‘The Final Countdown’: My family begins a new chapter in life
A columnist considers the implications of her mom's imminent retirement
If there’s one thing my dad and I can agree on, it’s that mornings are the worst.
My mom, on the other hand, is a veritable morning person. She wakes up energized and ready to conquer the world. By the time I drag my sorry butt out of bed, she’s usually halfway through her workday, which starts anywhere between 3 and 6 a.m. She’s a beast of a woman, especially when it comes to things like filing taxes and appealing insurance denials.
But all of that is about to change.
It was a typical Friday morning. My dad prepped my gamut of medications as I lay in bed, running through my to-do list for the day. By the time I jumped in the shower, I was awake in the strictest sense of the term — I was conscious — but I certainly wasn’t firing on all cylinders.
Most days, my early-morning sullenness doesn’t matter; Dad knows to give me a wide berth, metaphorically speaking, until I’m dressed and in my chair. But Mom has never quite abided by that rule. I’ve come to expect her rude awakenings, but that didn’t make this morning in particular any easier to swallow.
It was about 10:30 a.m. when she barged in, bright-eyed and giddy. Dad looked at her expectantly. I shut my eyes, hoping beyond hope that she would at least keep her voice down.
Then she blasted “The Final Countdown” by Europe on her tinny phone speakers, headbanging like an ’80s groupie.
In her defense, it was a big day for my mom. After three decades of steady employment, she’ll retire at the beginning of May. We’ve been counting down the months, waiting for the clock to strike midnight. And while May is still several weeks away, she’d reached a milestone in her own personal countdown.
On an unremarkable Friday morning, she registered for her post-retirement benefits.
It may not sound like much. But to my mom, it was evidence of what’s to come. After decades of hard, thankless work, the end was in sight. In a few short months, she’ll be her own person, free of any and all professional obligations.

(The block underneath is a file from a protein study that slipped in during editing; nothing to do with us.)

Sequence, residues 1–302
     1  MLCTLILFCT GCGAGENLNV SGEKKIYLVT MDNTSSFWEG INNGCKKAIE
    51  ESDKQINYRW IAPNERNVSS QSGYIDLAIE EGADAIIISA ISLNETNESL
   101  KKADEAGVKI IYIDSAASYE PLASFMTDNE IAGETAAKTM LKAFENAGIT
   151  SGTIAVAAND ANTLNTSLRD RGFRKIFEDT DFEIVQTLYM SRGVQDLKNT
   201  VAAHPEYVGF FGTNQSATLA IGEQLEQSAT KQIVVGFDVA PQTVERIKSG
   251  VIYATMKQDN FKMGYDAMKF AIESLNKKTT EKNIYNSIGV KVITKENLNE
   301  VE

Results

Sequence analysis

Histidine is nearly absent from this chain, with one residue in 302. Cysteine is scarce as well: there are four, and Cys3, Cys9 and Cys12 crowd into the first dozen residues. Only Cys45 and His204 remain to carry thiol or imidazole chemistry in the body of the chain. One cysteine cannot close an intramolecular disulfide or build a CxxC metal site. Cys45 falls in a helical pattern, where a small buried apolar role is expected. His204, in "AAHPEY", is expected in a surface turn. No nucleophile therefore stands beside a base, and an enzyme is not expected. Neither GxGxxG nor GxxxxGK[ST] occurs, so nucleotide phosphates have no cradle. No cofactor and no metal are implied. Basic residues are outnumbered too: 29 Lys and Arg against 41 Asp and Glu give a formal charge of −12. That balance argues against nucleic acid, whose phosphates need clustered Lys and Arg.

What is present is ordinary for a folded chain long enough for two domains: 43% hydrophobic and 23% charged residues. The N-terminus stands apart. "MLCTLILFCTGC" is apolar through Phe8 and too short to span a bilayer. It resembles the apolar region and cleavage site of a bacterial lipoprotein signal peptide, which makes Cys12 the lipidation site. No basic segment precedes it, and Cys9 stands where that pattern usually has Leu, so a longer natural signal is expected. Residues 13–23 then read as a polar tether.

The Albers family always has something going on. It’s why my caregiver once called us “the busiest people she knows.” But now we’re especially busy, and not just because spring is around the corner. We’re in a new chapter of our lives — which is fitting, given that my theme for 2023 is resurrection.
Of course, it’s not all positive. Mom’s retirement, while undoubtedly a cause for celebration, means I’ll lose access to her health insurance. Thankfully, I’ll still have coverage through Medicare and Medicaid, but SMA is an expensive condition. I’m expecting more than a couple of hurdles when it comes to getting my needs taken care of. Not to mention the drop in household income!
But it’s an exciting time, nonetheless. My mom has all sorts of plans, from weekly outings to an accessible RV that we’ll tow behind our similarly accessible truck. We’re dreaming of Christmases on the beach, among other things.
It’s as one of my caregivers once said: “It’s always an adventure with the Albers family.”
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Note: SMA News Today is strictly a news and information website about the disease. It does not provide medical advice, diagnosis, or treatment. This content is not intended to be a substitute for professional medical advice, diagnosis, or treatment. Always seek the advice of your physician or other qualified health provider with any questions you may have regarding a medical condition. Never disregard professional medical advice or delay in seeking it because of something you have read on this website. The opinions expressed in this column are not those of SMA News Today or its parent company, BioNews, and are intended to spark discussion about issues pertaining to spinal muscular atrophy.